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Seeing your from Alberta Farmerleach, Spitz in Bow island Alberta had a guy on cbc radio this summer talking about sunflowers. and he said that 80+% of their sunflowers came from Manitoba. Mainly because we have better conditions for them here. Wouldnt know from the crops we've raised. We tryed them for 3 years and had 3 terrible crops. But then thats edible seeds. some of our neighbord are raising oilseeds and seem to be doing okay.
 
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wasn't thinking about them for the editable market. More something different in the crop rotation and probably the bird seed or oil market. Or maybe just adding them to the silage, still considering options. Doesn't really look like we have a good climate for flowers.
 

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weve been growing them for about 10 years now.harvest them with our 1660 and deere row crop header.we have our own seed cleaning and bagging operation so we can sell our own seed.we also sell lots of bird seed.
 

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we've grown them for quite awhile...3 words for ya...sticky when wet...combine them with our 2388 and an 8 row JD all crop head
 

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Here's something to think about, Sunflowers would take the place of Canola in a rotation. Flowers are harder to grow and dry out the soil alot. Have you seen the price of Canola??? The plus side of flowers is that you harvest them later in the season so it expands your season allowing more time to harvest the entire crop. The down side is that you have to harvest in the snow some years.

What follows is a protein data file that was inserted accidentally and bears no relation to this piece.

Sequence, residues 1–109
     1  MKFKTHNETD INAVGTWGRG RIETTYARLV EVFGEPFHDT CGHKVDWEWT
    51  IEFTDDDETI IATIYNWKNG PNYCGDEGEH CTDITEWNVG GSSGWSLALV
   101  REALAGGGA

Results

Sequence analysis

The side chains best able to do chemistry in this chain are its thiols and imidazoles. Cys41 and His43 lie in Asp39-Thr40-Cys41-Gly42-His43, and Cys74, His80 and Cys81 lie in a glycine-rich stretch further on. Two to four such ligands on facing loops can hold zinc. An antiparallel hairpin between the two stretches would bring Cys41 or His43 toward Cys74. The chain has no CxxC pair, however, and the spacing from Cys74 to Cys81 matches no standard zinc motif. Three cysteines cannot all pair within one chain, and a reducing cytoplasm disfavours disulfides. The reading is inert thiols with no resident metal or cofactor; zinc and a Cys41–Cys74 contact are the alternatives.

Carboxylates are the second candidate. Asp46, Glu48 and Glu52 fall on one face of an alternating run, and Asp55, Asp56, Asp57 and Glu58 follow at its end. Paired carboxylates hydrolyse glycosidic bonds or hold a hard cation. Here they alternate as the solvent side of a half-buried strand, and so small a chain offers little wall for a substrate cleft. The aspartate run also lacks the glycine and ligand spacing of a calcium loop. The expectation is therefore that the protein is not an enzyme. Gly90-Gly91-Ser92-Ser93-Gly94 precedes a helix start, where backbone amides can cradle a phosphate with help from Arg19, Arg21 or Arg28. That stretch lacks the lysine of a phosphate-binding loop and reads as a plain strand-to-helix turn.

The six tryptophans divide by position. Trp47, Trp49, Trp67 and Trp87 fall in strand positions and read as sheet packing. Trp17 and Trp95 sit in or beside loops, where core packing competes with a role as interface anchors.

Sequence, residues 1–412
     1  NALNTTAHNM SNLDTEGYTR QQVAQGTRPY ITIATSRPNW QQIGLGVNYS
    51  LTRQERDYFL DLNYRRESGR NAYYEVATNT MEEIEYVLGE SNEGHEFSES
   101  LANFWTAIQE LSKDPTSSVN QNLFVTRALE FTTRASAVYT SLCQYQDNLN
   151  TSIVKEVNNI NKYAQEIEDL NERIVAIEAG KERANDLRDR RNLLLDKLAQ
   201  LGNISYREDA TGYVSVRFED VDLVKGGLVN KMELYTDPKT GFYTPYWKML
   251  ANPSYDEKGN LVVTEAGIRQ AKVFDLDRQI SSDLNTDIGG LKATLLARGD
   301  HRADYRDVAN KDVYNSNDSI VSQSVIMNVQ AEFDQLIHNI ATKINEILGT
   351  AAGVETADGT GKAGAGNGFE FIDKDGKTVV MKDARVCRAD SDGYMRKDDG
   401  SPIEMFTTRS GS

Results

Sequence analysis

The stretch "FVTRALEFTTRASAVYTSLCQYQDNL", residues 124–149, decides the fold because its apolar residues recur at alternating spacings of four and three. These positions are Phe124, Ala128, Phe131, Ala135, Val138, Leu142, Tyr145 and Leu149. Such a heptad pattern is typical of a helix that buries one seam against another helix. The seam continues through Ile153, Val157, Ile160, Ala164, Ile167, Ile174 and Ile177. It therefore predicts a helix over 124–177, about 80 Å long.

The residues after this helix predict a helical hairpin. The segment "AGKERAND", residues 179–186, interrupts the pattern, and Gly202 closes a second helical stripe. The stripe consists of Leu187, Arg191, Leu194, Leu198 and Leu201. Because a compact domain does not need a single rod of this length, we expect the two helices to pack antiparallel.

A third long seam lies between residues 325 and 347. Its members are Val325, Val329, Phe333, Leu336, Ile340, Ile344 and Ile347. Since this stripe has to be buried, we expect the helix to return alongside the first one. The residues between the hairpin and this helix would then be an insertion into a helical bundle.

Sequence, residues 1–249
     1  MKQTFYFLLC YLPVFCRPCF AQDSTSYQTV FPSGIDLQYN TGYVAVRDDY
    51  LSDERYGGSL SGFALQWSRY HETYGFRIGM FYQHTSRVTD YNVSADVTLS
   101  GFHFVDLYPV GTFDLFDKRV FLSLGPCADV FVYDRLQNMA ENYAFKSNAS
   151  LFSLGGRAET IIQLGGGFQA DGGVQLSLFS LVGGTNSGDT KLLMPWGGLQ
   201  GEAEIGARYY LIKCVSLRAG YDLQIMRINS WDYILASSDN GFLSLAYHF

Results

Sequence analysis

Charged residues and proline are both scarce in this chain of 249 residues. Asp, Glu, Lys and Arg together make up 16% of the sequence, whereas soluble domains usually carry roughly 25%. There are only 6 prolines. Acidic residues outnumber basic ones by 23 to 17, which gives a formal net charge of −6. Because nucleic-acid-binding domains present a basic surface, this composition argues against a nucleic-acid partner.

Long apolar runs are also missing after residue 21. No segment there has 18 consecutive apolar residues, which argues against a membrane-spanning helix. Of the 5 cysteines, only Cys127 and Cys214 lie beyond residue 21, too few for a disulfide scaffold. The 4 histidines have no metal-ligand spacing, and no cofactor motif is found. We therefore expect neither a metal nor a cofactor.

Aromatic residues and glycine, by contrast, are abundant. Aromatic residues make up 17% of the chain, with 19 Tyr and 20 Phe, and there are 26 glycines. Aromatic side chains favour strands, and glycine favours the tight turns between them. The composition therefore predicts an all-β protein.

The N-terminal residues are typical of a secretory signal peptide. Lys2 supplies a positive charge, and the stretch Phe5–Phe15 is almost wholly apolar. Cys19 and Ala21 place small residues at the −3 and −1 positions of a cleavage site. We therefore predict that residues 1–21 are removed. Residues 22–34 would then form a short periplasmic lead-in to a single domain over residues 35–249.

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Here is some more to think about. I was told that when canbra was 1st proposed in Lethbridge it was supposed to be a sunflower crusher, not canola. Sunflowers will go down to 6 ft in search of moisture.

One of the best crops after the flowers in a rotation is peas because they only root down about a foot, so they don't go looking for moisture that isn't there because it hasn't recharged.

Canola is in the brassica family, which inhibits the growth of the beneficial soil fungal infection (mycorrhizae). Sunflowers do not. Colonization of root systems will effectively enlarge the root area allowing for more uptake of nutrients and moisture. Something to think about in rotations.

Had some neighbors grow sunola probably 12 years ago and it was a nice crop and about 3 weeks earlier maturing than regular sunflowers. Not sure if it is even still grown.
 

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I grew some 2 years ago and they did well, it is a variety that was being bred mostly in SK and I was able to get some seed. They are a dwarf variety for our shorter season. Vermilion, Ab. It sounded like a lot of growers gave up on it but it did work well in our area. I still have some of it around?